Zeke: Yeah, I started DJ-ing when I was in like 7th grade or 8th grade, using like the CD thing. And then I bought my first turntable when I was a freshman in high school. I’ve been collecting records for twenty years probably. I owned a record store, It was like in the corner of Virginia Street and Montana Street and so I appreciate all of it. The stuff that’s really close to my heart, like my mom is like a super big rocker. So I grew up with Santana, Jimmy Hendrix, like a lot of the classic rock stuff. But I love oldies, soul music, and as I mentioned, hip-hop always has a special place for me because it’s also a very inclusive form. I think that that history is also becoming more complicated. Because there were Puerto Rican people that were important or like Latina, Latino people who were important in that movement and so those histories are starting to be more inclusive. A lot of the best rappers, in my opinion, right now are rapping in Spanish and they’re women. I’m really excited about that because there’s really exciting hip-hop music that’s being made in South America.

Oh, like who are you listening to? There’s a few rappers I’ve been listening to a lot right now.

Zeke: Ana Tijoux is a super dope rapper. And they’re just like rapping about politics and calling shit out and just going for it but also just like technically, breaking down like rhythmically and how much different rap is rhythmically when it’s in Spanish. When dudes who rap in Spanish in the 90’s or even in the late 80’s I feel like it was still trying to figure out that rhythm. So it’s kind of choppy but now its just fluid and beautiful. And what about you?

Antonio: Ana Tijoux is definitely one of them, another one is definitely Nitty Scott. She’s from Brooklyn but her whole last album, because she’s Boricua. Her album Creature! covers Afro-Latinidad like songs like “La Diaspora” and “Coqui”. It’s so good.

Zeke: Dang, yeah, I’m going to look it up. Yeah but I love jazz, but you know, all of it. Same thing: cumbias, I love salsa.

Antonio: What was the name of that, you said you owned a record store?

Zeke: I did, it was called The Wax Museum. I had the record store from 2007 until like 2009, 2010. Originally it was selling records out of Shine gallery which was a gallery that was up on Stanton Street and right there on Cincinnati and Stanton. Then maybe eight months after that I moved out here on Montana and I had a little record store there. There was actually a record store there before my record store I think in the 90’s. And so people would come in and tell me their stories like, ‘hey we used to come here and buy records’ or like punk seven inches and so yeah I had that record store there. I mean it was doing well but it just got to the point where I was like do I want to be doing this in five years and the answer was no and so I closed it. It’s sad, all of my records have been in storage for like two years. So they’re just sitting there not being played.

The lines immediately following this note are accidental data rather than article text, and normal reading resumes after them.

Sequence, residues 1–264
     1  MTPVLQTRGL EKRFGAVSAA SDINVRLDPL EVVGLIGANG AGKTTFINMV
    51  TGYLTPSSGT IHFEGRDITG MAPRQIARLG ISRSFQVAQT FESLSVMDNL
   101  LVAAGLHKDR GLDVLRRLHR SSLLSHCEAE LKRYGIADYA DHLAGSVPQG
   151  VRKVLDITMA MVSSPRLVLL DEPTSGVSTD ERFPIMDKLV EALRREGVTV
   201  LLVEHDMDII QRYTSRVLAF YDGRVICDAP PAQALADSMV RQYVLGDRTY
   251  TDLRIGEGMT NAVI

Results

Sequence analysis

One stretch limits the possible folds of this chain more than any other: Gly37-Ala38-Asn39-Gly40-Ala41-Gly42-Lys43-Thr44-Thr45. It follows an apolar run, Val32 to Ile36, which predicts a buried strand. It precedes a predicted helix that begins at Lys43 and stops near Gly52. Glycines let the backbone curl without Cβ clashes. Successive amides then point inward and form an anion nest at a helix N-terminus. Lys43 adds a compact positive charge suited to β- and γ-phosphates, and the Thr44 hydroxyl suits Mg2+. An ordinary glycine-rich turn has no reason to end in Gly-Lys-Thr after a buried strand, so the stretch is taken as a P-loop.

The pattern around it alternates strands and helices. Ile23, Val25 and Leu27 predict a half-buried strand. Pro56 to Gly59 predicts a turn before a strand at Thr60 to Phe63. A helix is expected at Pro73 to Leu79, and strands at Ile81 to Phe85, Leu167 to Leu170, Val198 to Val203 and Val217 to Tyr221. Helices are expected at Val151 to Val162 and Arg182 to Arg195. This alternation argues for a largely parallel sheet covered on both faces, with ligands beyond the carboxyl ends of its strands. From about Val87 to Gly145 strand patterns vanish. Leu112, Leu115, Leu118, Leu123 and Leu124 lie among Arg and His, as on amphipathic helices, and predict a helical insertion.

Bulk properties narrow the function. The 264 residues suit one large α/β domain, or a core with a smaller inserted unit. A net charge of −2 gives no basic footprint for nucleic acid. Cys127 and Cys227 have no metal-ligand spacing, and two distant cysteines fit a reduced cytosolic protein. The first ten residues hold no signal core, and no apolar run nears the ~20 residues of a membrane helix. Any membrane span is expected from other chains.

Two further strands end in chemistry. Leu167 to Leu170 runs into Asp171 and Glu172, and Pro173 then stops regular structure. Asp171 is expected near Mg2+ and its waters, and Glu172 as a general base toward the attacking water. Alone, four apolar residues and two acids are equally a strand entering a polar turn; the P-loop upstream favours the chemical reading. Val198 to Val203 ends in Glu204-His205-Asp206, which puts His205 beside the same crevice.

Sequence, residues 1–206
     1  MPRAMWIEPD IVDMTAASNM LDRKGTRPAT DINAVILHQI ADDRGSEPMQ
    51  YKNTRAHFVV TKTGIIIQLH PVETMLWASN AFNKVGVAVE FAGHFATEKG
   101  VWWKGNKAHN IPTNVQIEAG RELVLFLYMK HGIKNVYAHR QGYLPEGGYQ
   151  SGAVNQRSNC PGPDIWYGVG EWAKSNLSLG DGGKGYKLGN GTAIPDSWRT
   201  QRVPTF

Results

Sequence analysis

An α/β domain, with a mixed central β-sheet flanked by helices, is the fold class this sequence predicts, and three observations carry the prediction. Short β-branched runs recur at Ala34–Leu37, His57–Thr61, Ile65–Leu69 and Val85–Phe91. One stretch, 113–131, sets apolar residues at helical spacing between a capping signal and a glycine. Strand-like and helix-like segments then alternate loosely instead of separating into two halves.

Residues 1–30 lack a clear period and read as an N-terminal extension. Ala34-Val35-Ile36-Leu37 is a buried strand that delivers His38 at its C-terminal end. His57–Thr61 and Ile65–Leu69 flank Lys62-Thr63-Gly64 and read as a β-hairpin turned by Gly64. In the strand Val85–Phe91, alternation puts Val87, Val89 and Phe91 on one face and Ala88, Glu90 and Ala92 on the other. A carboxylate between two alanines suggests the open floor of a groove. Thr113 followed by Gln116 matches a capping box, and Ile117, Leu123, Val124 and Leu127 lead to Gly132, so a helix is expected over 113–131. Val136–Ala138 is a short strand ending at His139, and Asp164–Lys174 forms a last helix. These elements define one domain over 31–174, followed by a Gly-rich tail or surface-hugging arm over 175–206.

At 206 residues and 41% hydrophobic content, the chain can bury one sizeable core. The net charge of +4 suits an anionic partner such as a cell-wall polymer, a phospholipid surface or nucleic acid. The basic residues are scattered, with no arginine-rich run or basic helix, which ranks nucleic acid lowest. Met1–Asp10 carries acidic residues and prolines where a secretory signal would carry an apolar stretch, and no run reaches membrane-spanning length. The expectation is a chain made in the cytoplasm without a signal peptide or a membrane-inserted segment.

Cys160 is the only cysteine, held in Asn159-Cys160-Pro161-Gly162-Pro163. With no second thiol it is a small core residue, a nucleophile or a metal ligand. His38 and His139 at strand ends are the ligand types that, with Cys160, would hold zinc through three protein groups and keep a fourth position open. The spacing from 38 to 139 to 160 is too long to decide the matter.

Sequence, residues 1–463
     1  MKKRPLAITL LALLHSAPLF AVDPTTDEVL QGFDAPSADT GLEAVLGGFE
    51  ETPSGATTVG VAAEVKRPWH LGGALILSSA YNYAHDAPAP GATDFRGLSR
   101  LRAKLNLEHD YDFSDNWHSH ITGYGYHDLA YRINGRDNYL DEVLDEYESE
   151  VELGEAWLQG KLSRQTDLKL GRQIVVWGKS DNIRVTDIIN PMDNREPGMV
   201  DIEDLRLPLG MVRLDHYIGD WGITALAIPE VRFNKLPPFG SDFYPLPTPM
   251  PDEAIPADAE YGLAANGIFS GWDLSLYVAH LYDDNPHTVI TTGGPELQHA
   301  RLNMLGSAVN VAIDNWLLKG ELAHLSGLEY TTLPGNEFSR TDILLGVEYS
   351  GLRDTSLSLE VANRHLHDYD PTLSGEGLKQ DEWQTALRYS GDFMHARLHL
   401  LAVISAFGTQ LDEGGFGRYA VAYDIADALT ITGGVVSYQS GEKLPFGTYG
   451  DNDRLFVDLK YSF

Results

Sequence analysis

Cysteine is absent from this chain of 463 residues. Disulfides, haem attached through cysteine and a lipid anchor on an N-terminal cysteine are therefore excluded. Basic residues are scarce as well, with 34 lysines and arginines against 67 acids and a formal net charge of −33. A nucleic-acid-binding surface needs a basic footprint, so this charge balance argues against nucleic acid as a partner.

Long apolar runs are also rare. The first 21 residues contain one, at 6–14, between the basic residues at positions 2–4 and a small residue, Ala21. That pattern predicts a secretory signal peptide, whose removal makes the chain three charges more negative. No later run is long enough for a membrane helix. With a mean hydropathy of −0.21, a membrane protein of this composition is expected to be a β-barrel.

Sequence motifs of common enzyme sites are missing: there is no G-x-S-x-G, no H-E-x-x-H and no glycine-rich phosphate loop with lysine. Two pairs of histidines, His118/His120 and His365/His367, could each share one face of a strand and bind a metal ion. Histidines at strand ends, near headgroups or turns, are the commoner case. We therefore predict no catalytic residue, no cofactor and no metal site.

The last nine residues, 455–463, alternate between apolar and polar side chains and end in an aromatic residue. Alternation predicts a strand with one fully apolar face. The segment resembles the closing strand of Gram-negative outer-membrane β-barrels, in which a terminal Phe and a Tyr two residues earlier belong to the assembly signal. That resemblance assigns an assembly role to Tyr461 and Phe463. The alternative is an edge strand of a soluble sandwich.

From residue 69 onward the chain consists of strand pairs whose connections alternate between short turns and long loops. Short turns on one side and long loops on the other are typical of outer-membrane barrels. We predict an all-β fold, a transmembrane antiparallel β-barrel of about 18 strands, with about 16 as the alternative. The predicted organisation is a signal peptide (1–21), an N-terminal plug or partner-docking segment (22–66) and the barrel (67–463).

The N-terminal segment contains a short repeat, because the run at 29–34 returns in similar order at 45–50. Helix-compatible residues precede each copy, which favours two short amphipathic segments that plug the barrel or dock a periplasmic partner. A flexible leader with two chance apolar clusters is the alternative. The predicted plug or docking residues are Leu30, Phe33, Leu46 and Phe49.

Isabel: I just started buying records.  I bought a record player and my speakers already gave out. I’m like super sad about that. I don’t know what happened.

Zeke: Your system?

Isabel: Yeah, like I bought Eddie Gomez and Los Panchos and I was bragging to Pavel and he was like, Pavel is an artist friend we have in common, and he was giving me shit about it and like right after he’d text me, my speakers gave out. I was bragging to him so I feel it was the universe like telling me like why are you bragging about this.

Zeke: We should go to a record store; they’re popping up all over. It really helps the music scene and yeah, but I can’t do it. I rarely, rarely buy them now. I got like boxes, just like to the ceiling. So it’s like I can’t buy them anymore.

Isabel, you said you just got yours, so what were your first records?

Isabel: So my friend gifted me Death Row Greatest Hits.

Zeke: That started this recent record collection?

Isabel: Yeah

Zeke: Sick. That’s a good one.

Isabel: Yeah, so that. I have a few records in Spanish. But where I live, the thing is, you know I live like an hour and a half from L.A. and we need more stuff where I live. We have like one local bookstore in our region. Independent bookstores, we have like several Barnes & Nobles but independent book stores we have like one in Riverside and then we have one children’s book store by where I live and like a few used book stores. And so record stores are like a handful maybe in our region. So if we go to thrift shops, that’s usually where we head out and look for stuff and there’s not a lot. Sometimes it’s like the same one, a lot of Engelbert Humperdinck and I’m not a huge Engelbert Humperdinck fan. Or Marty Robbins also. If I could find some Hank Williams Sr. that’d be awesome. Because I do like Hank Williams.

Antonio: Marty Robbins, I saw a lot of him in Albuquerque last time I was there. And everyone was like, ‘look, you’re from El Paso.’

Zeke: My first record.

Isabel: Marty Robbins?

Zeke: Yes, Marty Robbins, how’d you guys know? (laughter) This is going to take me a little bit. It was probably like a hip-hop twelve inch. I genuinely can’t remember but I think that the first record that I took and like I played myself. The first time I played a record for myself was on my dad’s old record player that I still have, it just needs a new needle, but it still works.

So lastly, Zeke, I definitely want to hear the story about the Chicano Batman single cover. How did you meet him and how did that come to be?

“This Land Is Your Land” single cover artwork.